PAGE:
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White Guy Finally Gets Published— as Yi-Fen Chou

Poem really by Michael Derrick Hudson of Fort Wayne, Ind.
By Jenn Gidman,  Newser Staff
Posted Sep 8, 2015 12:56 PM CDT
White Guy Finally Gets Published— as Yi-Fen Chou
He was a white-guy poet and they didn't even know it.   (Shutterstock)

(Newser) – "If there is such a thing as employing yellowface in poetry, this has to be it." That's what Korean-American blogger Phil Yu, known as Angry Asian Man, has to say about Michael Derrick Hudson, a white poet whose poem was chosen for The Best American Poetry 2015 anthology—written under the pen name Yi-Fen Chou, the Washington Post reports. Hudson admits his 20-line "The Bees, the Flowers, Jesus, Ancient Tigers, Poseidon, Adam and Eve" was rejected by 40 journals under his real name, so he took some liberties with his nom de plume. "After a poem of mine has been rejected a multitude of times under my real name, I put Yi-Fen's name on it and send it out again," he explains in his bio in the anthology. "As a strategy for 'placing' poems this has been quite successful for me." It's also a strategy that much of the literary community is tearing apart, calling his ploy "fraudulent" and "racist," per the Post.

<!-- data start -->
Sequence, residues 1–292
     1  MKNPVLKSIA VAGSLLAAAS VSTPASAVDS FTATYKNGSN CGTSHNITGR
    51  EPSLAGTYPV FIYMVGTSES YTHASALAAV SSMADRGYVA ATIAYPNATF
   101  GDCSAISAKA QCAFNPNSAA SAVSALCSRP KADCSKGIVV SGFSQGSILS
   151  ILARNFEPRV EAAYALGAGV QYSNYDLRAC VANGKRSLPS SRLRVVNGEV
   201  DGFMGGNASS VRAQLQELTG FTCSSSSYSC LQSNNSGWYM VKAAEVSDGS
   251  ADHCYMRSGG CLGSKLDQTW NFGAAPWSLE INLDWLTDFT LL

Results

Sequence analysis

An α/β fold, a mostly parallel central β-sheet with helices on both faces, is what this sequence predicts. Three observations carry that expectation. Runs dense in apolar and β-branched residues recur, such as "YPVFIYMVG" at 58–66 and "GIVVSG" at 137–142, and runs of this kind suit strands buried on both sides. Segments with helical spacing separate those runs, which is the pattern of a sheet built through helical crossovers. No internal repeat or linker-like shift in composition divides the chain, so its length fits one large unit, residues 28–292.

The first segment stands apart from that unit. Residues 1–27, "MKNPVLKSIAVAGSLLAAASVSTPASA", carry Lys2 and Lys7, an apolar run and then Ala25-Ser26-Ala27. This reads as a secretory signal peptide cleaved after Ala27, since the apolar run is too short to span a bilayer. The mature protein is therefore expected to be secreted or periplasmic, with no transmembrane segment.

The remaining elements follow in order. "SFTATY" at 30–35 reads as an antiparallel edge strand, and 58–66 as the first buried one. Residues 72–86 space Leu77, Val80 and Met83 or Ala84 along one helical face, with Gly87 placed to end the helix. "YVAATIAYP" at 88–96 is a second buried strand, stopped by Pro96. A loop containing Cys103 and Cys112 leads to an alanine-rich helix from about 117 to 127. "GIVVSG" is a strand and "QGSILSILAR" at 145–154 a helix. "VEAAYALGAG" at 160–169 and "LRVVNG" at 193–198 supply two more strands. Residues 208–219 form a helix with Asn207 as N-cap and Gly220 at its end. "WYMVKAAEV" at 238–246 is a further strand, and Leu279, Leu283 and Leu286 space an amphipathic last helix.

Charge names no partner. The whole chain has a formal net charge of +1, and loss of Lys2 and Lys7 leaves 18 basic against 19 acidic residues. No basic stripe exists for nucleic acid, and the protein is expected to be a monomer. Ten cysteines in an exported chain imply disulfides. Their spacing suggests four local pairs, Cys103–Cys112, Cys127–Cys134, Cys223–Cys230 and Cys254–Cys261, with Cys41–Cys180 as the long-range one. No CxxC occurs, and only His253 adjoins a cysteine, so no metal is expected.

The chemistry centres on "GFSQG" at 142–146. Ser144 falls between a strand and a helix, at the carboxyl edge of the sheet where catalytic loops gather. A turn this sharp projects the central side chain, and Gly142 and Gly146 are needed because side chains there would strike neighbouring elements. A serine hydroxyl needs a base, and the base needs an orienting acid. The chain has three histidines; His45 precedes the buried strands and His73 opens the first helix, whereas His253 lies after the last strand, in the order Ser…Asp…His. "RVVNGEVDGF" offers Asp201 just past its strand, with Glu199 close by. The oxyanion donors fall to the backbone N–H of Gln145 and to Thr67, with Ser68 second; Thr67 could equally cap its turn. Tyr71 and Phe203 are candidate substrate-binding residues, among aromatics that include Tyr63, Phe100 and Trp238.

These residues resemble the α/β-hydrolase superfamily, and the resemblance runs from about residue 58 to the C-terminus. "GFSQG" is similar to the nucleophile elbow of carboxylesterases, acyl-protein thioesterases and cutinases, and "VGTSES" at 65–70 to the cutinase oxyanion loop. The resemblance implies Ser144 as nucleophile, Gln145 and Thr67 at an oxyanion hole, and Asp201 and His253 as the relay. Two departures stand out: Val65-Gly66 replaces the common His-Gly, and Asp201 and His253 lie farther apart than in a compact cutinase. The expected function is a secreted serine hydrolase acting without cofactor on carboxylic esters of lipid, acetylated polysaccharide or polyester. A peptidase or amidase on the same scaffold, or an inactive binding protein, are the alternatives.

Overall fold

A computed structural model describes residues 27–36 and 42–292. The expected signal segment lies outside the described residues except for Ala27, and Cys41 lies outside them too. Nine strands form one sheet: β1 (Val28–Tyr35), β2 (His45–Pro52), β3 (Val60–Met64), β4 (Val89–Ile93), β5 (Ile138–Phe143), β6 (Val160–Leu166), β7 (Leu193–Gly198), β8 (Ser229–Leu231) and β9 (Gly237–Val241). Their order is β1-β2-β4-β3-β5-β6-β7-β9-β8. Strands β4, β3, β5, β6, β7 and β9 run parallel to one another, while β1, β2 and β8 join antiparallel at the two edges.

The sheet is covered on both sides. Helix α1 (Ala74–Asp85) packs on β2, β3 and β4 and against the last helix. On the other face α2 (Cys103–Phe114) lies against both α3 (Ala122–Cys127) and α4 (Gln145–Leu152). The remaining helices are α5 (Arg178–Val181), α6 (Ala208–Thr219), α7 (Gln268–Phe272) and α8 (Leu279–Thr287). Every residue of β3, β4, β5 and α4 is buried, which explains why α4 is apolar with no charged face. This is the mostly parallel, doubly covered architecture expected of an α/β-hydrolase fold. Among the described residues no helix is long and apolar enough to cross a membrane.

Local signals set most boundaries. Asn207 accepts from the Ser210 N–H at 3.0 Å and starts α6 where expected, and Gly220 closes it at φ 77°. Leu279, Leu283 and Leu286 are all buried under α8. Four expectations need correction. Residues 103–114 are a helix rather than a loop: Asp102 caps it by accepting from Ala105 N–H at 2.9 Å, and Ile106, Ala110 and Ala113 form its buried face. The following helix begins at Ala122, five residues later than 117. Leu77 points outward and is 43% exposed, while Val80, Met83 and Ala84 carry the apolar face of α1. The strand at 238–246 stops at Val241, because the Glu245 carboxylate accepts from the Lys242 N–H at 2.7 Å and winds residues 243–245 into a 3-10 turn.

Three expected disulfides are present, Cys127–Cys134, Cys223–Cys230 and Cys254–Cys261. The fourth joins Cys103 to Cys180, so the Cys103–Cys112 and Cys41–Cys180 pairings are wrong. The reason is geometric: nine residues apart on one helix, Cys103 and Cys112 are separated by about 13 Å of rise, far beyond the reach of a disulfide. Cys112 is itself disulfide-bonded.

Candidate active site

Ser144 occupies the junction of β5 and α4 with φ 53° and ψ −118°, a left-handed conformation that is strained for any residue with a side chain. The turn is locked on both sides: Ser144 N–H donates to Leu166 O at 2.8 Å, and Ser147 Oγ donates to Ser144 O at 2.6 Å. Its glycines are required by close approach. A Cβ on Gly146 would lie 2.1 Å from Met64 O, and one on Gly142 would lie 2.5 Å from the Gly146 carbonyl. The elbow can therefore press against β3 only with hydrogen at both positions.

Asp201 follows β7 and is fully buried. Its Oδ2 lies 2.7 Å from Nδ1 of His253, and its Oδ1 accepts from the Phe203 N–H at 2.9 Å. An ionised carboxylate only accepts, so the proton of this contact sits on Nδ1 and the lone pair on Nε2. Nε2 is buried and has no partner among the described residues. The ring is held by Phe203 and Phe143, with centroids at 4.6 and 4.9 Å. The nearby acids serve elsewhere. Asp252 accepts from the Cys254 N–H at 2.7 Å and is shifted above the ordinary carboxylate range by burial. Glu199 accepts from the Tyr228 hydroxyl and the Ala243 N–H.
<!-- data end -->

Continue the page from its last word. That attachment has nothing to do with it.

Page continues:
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"He ... implies that minorities are published because we're minorities, not because of our work," Chapman University professor and poet Victoria Chang tells the Post. "That's just insulting." Author Sherman Alexie, who handpicked the poem to appear in the anthology, says in a blog post that he thought the author was Chinese-American and that he was "angry at the subterfuge" when Hudson revealed himself. But Alexie adds he decided to keep the poem in the anthology because he was "more amenable" to its content when he thought the author was Chinese-American and "if I'd pulled the poem, then I would have been denying that I was consciously and deliberately seeking to address past racial, cultural, social, and aesthetic injustices in the poetry world." Others aren't buying that reasoning, including Chang, who tells the Post, "If someone is fraudulently pretending they're someone else to benefit from a system that traditionally benefits them, that is not ethical." (JK Rowling used a fake name to write a crime novel.)

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